Friday, July 09, 2021

Bad Hair – review

Director: Justin Simien

Release date: 2020

Contains spoilers

So, let’s get this up front – vampiric hair weaves. There, it has been said. But this horror comedy has a serious heart and a message about the exploitation of black women and black culture, along with the social politics around black hair (poignant as I post this, given the recent and systemically discriminatory ruling of the Olympic Committee around swim caps). It looks to explore how black culture is used, flattened and broken for white consumption. It looks also to explore how black women, in particular, are forced to deny themselves to get ahead – it exposes the lie of diversity when privilege overwhelms it.

All that said it is also great fun – especially when the horror aspect takes the fore – with a fantastic central performance from Elle Lorraine.

Elle Lorraine as Anna

It starts quite a few years before, however, as Linda (played young by Corinne Massiah) is helping younger adoptee Anna (played young by Zaria Kelley) with her hair. This is a chemical treatment and something goes wrong and, though Linda insists she followed the instructions, Anna is left with a scar from a chemical burn on the back of her scalp. We cut and see hair being prepared and shipped, and then we are in 1989 LA and Anna (played older by Elle Lorraine) is in an interview for a music video station. We discover she has been an assistant at a station called Culture for 4 years, where there is no real opportunity for advancement, but she is not what the white interviewers are looking for – too 'urban' they suggest.

Culture staff

Culture is a black music video station and is, it appears, supported by the network out of sufferance. When she arrives at work there is an all staff meeting going on and a new executive has been parachuted in, in the form of Grant Madison (James Van Der Beek). There are to be big changes, the first being that Edna (Judith Scott), head of programming, was ‘stepping down’ and being replaced by former model Zora (Vanessa Williams). There was to be an overhaul of programming.

offered the card

So, Anna is not having a good day. She was Edna’s assistant and then Julius (Jay Pharoah), who she was seeing surreptitiously, breaks off with her saying he is seeing someone else. At her rundown apartment she is hiding from the landlord who has ramped up the rent, leaving her in arrears. When she is interviewed by Zora (literally a job interview hidden as a ‘get to know you’) she mentions that she actually came up with the flagship show on the channel and has a firmed-up idea for a new show. She gives Zora the proposal. Zora suggests she might consider changing her hair and offers her a card for a salon called Virgie’s.

the weave

Anna visits her family and suffers a berating from academic Uncle Amos (Blair Underwood) when she is dismissive of slave folklore. He later apologises but has her borrow the book of stories he was talking about. She also borrows $500 towards her rent but, on the way home, stops at Virgie’s. A weave there is $450 dollars and the waiting list is long but, after an impassioned plea to Virgie (Laverne Cox) herself, is fitted in that day. She chooses the hair, the weave process is painful – Anna has the scar (physical and psychological) of course, but she is tender-headed and Virgie literally does repeatedly break the skin of the scalp. She is warned not to get the weave wet.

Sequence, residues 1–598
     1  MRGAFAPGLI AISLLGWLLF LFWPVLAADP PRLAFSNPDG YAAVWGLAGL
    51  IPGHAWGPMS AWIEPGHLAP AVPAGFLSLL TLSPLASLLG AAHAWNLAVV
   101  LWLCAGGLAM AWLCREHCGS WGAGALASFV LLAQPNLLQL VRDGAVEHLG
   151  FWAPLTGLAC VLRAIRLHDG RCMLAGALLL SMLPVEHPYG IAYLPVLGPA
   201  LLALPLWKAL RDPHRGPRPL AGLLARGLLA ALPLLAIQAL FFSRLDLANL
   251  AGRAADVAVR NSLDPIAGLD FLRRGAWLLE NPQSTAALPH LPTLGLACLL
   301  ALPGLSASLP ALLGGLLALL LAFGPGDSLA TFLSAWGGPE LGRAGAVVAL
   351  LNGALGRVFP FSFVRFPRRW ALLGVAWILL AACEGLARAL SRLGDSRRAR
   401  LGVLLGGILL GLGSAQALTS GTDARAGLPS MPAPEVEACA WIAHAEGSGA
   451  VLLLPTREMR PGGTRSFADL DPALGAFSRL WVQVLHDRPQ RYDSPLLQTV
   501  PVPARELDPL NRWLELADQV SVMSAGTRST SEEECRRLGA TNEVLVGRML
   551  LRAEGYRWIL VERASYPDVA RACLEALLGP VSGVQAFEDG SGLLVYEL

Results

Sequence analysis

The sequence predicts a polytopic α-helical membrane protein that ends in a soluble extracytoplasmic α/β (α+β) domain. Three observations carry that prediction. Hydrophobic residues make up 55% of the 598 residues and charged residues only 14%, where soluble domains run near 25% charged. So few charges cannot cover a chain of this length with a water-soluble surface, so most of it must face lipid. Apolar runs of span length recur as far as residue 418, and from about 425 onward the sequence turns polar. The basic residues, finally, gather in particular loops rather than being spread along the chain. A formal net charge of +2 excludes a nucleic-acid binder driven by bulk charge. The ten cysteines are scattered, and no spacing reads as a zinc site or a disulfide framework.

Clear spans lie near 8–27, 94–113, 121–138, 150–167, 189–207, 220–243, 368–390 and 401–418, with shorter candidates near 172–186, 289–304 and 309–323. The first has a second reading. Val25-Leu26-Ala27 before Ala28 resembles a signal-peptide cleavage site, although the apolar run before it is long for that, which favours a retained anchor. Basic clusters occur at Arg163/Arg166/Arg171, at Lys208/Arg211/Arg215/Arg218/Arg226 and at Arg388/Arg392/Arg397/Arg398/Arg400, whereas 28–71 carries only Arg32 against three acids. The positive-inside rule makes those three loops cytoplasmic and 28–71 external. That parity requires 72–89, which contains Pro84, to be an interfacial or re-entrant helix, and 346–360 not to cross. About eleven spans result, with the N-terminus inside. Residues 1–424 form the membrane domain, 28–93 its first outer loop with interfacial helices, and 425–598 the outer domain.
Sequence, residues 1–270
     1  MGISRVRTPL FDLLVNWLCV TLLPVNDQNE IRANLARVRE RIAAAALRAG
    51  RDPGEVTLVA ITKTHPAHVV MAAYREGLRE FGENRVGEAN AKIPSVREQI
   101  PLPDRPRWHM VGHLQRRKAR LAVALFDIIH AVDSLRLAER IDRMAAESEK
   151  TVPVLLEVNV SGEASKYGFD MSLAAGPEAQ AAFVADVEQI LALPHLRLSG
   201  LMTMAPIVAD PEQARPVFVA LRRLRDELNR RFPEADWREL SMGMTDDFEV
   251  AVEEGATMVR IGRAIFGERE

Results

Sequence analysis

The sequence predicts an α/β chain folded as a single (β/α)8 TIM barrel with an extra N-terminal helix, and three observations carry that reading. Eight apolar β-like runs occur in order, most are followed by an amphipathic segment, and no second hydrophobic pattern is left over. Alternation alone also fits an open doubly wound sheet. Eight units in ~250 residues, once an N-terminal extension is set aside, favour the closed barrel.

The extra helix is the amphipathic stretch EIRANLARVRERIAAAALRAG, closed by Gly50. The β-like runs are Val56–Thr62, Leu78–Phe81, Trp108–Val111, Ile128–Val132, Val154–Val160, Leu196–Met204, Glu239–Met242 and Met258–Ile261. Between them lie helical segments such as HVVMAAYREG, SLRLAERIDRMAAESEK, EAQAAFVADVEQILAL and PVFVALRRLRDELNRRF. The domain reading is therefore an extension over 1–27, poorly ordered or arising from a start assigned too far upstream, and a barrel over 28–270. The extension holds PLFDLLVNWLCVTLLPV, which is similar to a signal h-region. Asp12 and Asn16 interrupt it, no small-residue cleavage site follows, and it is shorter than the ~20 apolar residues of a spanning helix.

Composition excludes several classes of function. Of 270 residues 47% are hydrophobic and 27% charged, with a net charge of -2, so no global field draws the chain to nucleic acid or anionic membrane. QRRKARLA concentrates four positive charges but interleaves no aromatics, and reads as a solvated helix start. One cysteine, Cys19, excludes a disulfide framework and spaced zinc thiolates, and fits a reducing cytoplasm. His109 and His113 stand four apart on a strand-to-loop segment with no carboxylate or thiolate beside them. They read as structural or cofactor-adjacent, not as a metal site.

feeding on the landlord

So, Anna’s life goes on the up. The new look is opening doors but not everyone at Culture is happy as they believe the direction the station is moving in is selling the black music and culture scene out. Of course, there is the hair. Anna’s eyes will flash into a golden colour occasionally and the hair is thirsty for blood. The first murder is her landlord. He tries to rape Anna, she stabs him and the hair (which can move and grow/shrink) flows into the wound and sucks him dry. Starved, the hair becomes dishevelled, fed it is lustrous and it is later reported that the host is filled with a hunger.

the Moss Haired Girl

Anna ties this to a slave’s tale of the Moss Haired Girl, the story of a slave who made a wig from the hair-like moss off a tree. That wig acted in much the same way but the story continues that the moss was actually the hair of witches and it needed blood to grow in strength to allow the witches to take over the body of the wearer. So, there is a bit of a body snatcher theme here (and it is not only Anna who has one of these weaves). Indeed, the weaves come from the same source as the moss from the story and this is a further example of white exploitation of black bodies – with the supply company selling this hair belonging to a white man.

sating hunger

I really enjoyed this. It had its own self-contained lore, the hair would defend itself (and the wearer, so long as the wearer wasn’t the threat) and when chopped it actually bled. I had seen some criticism that the film was overly long, but never felt that myself. The central idea is great, the underlying messaging important and the hair related body-horror great fun. Best of all were the performances, strong throughout but absolutely stellar from Elle Lorraine, as I mentioned at the head. Plus, from a TMtV point of view we welcome hair weaves into the vampire fold. 8 out of 10.

The imdb page is here.

On DVD @ Amazon US

On Blu-Ray @ Amazon UK

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